'Gender proposals not feasible, change needs to be gradual'
Tyrone chair Roisin Jordan claims time-frame is too short
Tyrone GAA chairperson Róisín Jordan has rejected the gender quotas proposed by Minister for Sport Patrick O'Donovan, believing they are "unfeasible".
Jordan, the first woman to be appointed the top role in a county board when elected two years ago, has worked at "grassroots" between club and county for the past 15 years and feels "gradual change" is a better fit for the GAA.
After serving her "apprenticeship" she will likely bid for an Ulster Council position when her five-year tenure ends in 2019, but she feels the notion of the GAA reaching the 30pc female quota by then is "not attainable".
"Not really," Jordan said when asked if the proposal is practical. "I can't see it being feasible now. I think the time-frame is just not attainable.
"How can you vote people into positions when they haven't got the experience?
"Our association is a voluntary association. If people don't present themselves to be elected you can't just pick them out and throw them in just to bring it up to the 30pc.
"I know there's a lot of help available, I can speak to anyone for advice, but I just don't know how they're expecting us to put people in positions like that. It's not a tick-box exercise within the GAA, we have to get the right people in place.
"Every day is different. There's days when you have no problems and everything goes smooth and others when there are difficulties . . . experience helps you to deal with it.
"It would be extremely difficult without that because no matter how much I knew as vice-chair in Tyrone, I couldn't have gone into the chair without experience.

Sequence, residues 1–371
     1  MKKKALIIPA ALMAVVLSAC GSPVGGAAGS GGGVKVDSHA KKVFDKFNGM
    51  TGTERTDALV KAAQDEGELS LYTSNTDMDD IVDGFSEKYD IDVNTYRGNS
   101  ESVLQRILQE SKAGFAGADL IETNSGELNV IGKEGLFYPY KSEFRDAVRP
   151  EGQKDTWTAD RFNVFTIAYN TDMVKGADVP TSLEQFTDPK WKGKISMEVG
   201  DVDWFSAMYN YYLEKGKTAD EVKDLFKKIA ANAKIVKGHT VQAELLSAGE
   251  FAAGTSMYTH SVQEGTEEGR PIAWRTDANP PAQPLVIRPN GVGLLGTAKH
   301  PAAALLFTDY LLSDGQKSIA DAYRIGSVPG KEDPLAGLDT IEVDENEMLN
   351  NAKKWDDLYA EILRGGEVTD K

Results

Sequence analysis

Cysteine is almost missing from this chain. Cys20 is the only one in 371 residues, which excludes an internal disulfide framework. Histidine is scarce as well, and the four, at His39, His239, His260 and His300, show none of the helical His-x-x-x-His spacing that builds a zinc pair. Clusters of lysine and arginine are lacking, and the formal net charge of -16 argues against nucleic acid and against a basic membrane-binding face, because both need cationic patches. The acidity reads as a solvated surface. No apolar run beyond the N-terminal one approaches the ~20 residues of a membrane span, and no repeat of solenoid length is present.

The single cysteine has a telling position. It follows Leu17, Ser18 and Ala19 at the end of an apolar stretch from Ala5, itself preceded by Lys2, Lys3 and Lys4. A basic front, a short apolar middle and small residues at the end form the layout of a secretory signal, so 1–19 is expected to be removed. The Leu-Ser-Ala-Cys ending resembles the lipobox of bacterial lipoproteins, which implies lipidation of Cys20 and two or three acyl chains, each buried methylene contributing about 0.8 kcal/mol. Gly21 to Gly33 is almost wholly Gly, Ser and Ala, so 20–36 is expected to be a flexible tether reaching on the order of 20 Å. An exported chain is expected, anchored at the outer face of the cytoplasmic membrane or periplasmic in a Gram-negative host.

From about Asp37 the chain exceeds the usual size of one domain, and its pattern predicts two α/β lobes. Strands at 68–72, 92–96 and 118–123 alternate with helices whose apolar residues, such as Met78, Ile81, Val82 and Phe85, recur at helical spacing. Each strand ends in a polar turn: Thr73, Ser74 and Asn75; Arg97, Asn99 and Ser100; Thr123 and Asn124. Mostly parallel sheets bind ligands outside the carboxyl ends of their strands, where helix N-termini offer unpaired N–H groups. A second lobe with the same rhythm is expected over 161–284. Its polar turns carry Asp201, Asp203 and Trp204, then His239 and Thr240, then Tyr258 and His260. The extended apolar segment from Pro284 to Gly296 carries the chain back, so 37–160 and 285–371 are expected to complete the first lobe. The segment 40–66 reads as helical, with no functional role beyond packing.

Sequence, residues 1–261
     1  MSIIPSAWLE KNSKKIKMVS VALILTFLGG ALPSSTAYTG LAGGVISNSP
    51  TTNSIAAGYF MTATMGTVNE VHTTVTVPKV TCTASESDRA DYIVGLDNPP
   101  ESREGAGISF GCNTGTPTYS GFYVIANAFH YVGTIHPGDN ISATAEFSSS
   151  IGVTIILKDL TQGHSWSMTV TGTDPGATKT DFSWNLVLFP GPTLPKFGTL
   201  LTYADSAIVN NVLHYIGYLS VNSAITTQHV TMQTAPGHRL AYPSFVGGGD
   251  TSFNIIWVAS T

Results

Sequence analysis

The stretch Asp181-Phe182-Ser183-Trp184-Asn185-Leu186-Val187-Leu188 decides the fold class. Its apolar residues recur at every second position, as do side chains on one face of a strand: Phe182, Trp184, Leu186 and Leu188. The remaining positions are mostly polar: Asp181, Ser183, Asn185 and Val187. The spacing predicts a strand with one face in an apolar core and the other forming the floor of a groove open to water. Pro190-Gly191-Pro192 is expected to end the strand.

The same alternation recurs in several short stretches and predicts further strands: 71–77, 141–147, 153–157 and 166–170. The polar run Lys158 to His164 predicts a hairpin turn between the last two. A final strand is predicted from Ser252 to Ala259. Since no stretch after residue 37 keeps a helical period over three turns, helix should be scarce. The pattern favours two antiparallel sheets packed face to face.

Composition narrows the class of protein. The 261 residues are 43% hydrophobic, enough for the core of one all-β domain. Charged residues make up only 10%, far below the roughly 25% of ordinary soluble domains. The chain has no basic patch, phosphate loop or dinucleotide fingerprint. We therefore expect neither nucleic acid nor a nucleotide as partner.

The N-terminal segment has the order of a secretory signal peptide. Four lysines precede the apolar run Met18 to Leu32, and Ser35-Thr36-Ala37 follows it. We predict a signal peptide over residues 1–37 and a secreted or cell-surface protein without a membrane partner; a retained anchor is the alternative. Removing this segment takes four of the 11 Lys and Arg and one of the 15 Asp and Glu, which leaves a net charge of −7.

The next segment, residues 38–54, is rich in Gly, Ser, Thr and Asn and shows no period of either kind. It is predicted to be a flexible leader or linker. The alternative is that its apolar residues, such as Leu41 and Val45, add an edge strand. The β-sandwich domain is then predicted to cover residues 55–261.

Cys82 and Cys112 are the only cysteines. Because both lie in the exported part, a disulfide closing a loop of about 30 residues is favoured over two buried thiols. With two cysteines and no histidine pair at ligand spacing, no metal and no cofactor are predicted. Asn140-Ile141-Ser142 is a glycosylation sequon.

"There's different things that come up that you're not expecting, and for people to be put into positions that they've no experience in would be very difficult for them."
The GAA's Central Council currently has no female representatives but Jordan feels it's "inevitable" that more women will be promoted to senior positions - but insists that the change should be organic rather than enforced.
"If the Minister looked back through the history of the GAA, we haven't done much wrong but change is coming, it's slow but it is coming. It has to be gradual though, it shouldn't be all of a sudden like this," Jordan said.
"Tyrone's executive committee has three more women along with me and 99pc of clubs have females involved, with the vast majority having female secretaries. There are a lot more women involved than people realise.
"It's most likely to happen naturally in time - the way it's working with our association is that we're gradually getting there, we're moving forward.
"Years ago it just used to be men and the men went out to the football, but women are getting involved at grassroots level and are putting themselves forward."
Jordan believes dialogue between the Minister and the GAA would have been mutually beneficial before the story broke.
"This was totally news to me and news to everybody else," she said. "I don't believe he had spoken to anyone from the GAA, which I don't think is right. He should've met with them and discussed the whole issue first before this hit the papers, it's just such a pity that he hadn't."